Tuesday, April 26, 2011

Storytelling Lecture, Artwork - See It, Draw It

Storytelling Lecture Series, Part 9

The first great secret of drawing better is using your eyes.  Don’t laugh.  Once, with another group, I leaned an umbrella against a door and asked them to draw it.  I gave them a minute, I think.  I watched them.  Most of them glanced at the umbrella, then hardly looked up from their paper.  Some got the umbrella more or less right, but made it too tall or too short in comparison with the door.  Some made the door too narrow or too wide.  Some were so worried about the umbrella that they got the door handle entirely wrong.  One guy drew an umbrella that wasn’t furled and strapped—basically, he just made one up, rather than draw the one in front of him.

A lot of people just don’t use their eyes enough.  You need to really look, measure and compare elements of your drawing to each other.  How tall is the umbrella compared to the door?  Does it come up past the door handle?  And you need to draw the actual umbrella.   

I find that even people who draw pretty well just plain don’t look with care at all the elements.  They’ll get most parts of a figure right but fake the wrinkles on the sportcoat.  You see, without trying or even noticing, we’ve all learned a bunch of glyphs—symbols for things—and they have a way of creeping into and weakening our drawings.  You get the sportcoat right, but do your wrinkle glyph on the sleeves at the elbows.  You’ll get a person’s face right, then do your hair glyph.  You’ll get the building right but draw window glyphs instead of the real windows.

The way to avoid weakening a drawing with glyphs is by using your eyes.  Look carefully at what you’re drawing and keep checking the marks you’re making on the paper against it.  Every mark you make on the paper sends a message to the viewer.  Make sure the message is right.

I’m not talking about style, here.  That’s an entirely different subject.  I’m talking about learning to use your eyes and learning to draw.  Once you can draw, then your style, whatever it may be, in built on a firm foundation.  Said another way, C.C. Beck did a very simple style—but Captain Marvel’s collar bone is always exactly where it’s supposed to be.  And Barks?  The perspective is always correct in Duckburg.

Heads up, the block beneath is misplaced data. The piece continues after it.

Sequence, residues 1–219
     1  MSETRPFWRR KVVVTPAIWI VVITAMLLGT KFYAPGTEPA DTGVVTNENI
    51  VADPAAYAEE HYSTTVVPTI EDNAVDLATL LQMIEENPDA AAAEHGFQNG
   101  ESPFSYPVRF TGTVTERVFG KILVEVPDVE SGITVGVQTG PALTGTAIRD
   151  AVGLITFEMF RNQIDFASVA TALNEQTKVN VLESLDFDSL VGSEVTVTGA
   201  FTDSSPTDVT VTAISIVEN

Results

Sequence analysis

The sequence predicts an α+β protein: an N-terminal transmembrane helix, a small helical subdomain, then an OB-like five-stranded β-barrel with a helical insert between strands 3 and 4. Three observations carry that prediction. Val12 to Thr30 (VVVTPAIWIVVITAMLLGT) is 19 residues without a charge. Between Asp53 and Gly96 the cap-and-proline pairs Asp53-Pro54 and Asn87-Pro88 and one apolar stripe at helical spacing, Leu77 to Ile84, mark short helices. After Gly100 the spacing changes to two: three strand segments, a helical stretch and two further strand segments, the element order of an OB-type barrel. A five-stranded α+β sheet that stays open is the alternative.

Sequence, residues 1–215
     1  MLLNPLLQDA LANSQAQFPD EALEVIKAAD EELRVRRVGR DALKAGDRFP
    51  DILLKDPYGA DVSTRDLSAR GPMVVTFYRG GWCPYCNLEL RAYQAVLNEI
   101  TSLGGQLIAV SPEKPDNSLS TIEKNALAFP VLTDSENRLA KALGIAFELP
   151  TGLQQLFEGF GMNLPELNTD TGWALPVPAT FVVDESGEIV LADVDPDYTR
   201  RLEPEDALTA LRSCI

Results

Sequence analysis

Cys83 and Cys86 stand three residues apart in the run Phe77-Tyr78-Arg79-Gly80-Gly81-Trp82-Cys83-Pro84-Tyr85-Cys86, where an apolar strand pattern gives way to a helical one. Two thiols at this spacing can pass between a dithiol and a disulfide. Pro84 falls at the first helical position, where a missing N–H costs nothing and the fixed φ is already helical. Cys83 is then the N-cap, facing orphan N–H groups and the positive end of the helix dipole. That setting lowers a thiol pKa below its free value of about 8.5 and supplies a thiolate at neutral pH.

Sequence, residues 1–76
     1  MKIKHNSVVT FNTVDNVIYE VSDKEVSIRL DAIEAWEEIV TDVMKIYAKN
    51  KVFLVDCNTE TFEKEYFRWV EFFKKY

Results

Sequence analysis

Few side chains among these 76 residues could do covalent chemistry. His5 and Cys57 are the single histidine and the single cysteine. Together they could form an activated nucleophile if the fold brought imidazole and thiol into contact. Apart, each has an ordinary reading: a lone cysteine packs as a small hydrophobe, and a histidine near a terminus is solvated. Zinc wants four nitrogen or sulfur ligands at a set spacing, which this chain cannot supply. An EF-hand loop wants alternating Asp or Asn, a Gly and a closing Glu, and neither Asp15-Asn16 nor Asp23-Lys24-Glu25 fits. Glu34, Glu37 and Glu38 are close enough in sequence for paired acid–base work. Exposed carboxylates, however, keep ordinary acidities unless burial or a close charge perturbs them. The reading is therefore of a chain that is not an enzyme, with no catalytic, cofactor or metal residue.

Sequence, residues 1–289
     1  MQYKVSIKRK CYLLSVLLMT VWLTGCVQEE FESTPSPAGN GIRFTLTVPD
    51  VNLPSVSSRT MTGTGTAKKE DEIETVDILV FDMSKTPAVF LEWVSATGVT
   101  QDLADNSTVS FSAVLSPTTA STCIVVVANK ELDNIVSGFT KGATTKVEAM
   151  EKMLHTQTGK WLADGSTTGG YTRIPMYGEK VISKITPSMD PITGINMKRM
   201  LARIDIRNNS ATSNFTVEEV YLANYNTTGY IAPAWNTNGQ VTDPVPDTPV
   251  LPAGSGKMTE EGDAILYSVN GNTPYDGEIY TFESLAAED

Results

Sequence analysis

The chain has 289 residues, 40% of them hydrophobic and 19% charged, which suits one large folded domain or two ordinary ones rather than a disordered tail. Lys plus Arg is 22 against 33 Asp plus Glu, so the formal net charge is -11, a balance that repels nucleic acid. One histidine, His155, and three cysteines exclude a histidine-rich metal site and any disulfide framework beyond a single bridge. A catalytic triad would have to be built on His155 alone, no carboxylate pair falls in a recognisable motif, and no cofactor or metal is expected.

Tomorrow….

The Power and Perils of Reference

3 comments:

Marc Miyake said...

Dear Jim,

I've heard about using my eyes from others before, but what makes this lesson hit home this time is your use of the term "glyph" for a visual cliché. I'll add it to my artistic vocabulary. Did you come up with this usage yourself? I've never seen it in any how-to-draw guide or heard it in any art class.

But I've seen too many glyphs in bad comics art. Moreover, too many wannabe artists, myself included, concentrate on copying professionals' glyphs, ignoring reality and preventing ourselves from developing our own styles - our own unique ways of interpreting reality. So many bad amateur drawings are crudely pasted glyph collages. We need to open our eyes and go beyond our glyphs.

Your umbrella and door exercise sounds so simple, yet it isn't. Wannabe artists don't practice drawing umbrellas and doors. Not cool enough. So they either fall back on glyphs or open their eyes.

I'd tell younger fans who haven't heard of Duckburg that the perspective is always correct in manga.

Pastrami said...

I used to stand in front of a mirror and draw my pants and shoes. It was always fun. I like copying the wrinkles and I was amazed at how "real life" it looked when I didn't just make stuff up (which I'm lousy at anyway)

bchat said...

I took an art class a long time ago and the first thing the teacher wanted to do was to get the entire class to "unlearn" everything we "knew" about drawing. The toughest part for me, personally, was "unlearning" the habit of not keeping my eyes on whatever it was I was drawing. My focus kept drifting to the page and drawing details on something I wasn't looking at. Eventually, I got the hang of it, but it took a while to get there.

Once again, another great entry in the "Storytelling" series. It's always helpful to occasionally be reminded how to go about things the right way.